Here is a Grist article that points out how cities often miss the point during rebranding efforts. This topic has come up a few times on this blog, but because it’s an ongoing issue in the city I think it deserves a critical discussion. The article begins by quoting chef Anthony Bourdain:
“I think that troubled cities often tragically misinterpret what’s coolest about themselves. They scramble for cure-alls, something that will ‘attract business,’ always one convention center, one pedestrian mall or restaurant district away from revival. They miss their biggest, best, and probably most marketable asset: their unique and slightly off-center character….”
The article is specifically talking about Cleveland — a city that has come up before on this blog — and how useful it is to highlight the things that actually make it unique, rather than the safe features that most other cities also have. Referring to city leaders and branding professionals, the article argues that,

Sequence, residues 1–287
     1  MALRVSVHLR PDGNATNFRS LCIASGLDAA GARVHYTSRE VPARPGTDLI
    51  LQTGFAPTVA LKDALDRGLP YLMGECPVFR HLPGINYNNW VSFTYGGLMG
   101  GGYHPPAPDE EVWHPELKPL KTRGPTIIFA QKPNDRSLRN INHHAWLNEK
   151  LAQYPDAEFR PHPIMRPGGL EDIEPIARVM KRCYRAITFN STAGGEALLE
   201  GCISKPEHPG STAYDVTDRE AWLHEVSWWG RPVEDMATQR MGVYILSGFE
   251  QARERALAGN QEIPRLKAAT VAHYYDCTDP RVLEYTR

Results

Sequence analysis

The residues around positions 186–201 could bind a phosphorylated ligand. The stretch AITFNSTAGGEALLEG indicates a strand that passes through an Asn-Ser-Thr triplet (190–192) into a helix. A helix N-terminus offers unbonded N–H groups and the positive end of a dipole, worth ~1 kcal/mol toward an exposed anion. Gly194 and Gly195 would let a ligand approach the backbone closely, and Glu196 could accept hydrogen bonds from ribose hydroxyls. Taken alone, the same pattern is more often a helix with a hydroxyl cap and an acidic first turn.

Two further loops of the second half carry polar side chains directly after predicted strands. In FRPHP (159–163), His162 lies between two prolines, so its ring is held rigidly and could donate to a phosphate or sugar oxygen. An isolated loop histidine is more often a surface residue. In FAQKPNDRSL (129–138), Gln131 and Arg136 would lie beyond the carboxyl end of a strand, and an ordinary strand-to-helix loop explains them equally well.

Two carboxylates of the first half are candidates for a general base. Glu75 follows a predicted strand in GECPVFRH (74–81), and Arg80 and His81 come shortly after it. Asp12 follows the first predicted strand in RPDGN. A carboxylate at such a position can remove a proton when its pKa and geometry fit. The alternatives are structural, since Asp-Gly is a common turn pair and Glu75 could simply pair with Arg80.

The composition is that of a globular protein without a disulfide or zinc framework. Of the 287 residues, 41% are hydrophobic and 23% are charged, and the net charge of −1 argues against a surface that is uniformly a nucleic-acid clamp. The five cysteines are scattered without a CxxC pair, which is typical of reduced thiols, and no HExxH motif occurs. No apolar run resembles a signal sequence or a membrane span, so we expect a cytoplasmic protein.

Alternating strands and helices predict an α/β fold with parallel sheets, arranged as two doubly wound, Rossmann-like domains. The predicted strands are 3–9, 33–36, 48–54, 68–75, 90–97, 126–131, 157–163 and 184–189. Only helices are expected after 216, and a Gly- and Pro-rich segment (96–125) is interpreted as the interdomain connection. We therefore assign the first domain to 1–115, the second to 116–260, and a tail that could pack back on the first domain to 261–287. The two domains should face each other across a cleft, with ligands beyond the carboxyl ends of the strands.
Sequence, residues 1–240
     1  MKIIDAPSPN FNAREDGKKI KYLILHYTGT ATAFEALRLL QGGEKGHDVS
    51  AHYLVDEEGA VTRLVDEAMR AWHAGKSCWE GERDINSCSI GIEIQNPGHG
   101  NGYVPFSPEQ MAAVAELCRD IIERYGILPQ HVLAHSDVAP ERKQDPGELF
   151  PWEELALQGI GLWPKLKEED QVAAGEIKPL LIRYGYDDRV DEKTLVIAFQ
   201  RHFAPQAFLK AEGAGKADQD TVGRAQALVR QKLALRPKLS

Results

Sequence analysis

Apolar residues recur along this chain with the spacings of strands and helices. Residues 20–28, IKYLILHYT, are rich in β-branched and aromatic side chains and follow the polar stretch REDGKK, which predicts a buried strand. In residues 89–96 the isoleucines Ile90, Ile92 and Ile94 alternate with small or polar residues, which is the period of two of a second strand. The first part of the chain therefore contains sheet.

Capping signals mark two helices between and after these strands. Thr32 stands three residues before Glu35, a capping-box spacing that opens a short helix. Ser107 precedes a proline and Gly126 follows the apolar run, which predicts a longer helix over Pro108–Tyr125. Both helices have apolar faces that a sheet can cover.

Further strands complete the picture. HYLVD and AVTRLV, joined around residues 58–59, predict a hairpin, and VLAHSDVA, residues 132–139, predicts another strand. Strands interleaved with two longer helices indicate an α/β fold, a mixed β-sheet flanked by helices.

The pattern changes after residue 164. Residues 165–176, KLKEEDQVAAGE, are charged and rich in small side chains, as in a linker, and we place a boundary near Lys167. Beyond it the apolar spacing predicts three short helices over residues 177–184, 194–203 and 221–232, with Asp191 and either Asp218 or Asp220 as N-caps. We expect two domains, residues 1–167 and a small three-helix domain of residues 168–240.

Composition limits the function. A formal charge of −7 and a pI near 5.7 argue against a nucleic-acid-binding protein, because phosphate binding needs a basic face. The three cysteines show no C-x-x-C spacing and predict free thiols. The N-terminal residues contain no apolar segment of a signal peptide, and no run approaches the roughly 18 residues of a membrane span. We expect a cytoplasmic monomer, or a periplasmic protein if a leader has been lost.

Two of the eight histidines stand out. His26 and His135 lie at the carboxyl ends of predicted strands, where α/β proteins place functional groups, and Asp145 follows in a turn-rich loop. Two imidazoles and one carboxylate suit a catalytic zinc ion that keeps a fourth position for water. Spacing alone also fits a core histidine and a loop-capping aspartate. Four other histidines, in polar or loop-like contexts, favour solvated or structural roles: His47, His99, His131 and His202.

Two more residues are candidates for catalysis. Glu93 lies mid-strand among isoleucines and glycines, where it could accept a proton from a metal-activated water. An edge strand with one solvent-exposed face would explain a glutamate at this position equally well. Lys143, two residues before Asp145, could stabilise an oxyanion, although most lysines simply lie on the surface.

“‘Cool’ to these folks means a rock hall exhibit or an aquarium. It means largely showing off what you have that other cities have instead of differentiating yourself from the pack.”
Provo is very different from Cleveland (thankfully) but I’m still not seeing much effort devoted to branding the things that actually make Provo unique. The ideas in that link (and in the comments) certainly aren’t comprehensive, but Provo really needs to embrace its “off-center character.” It needs to market the things that other cities in the area too afraid to market, or even to afraid to have in their communities. Provo needs to find its quirk and even its blemishes and be proud of those things.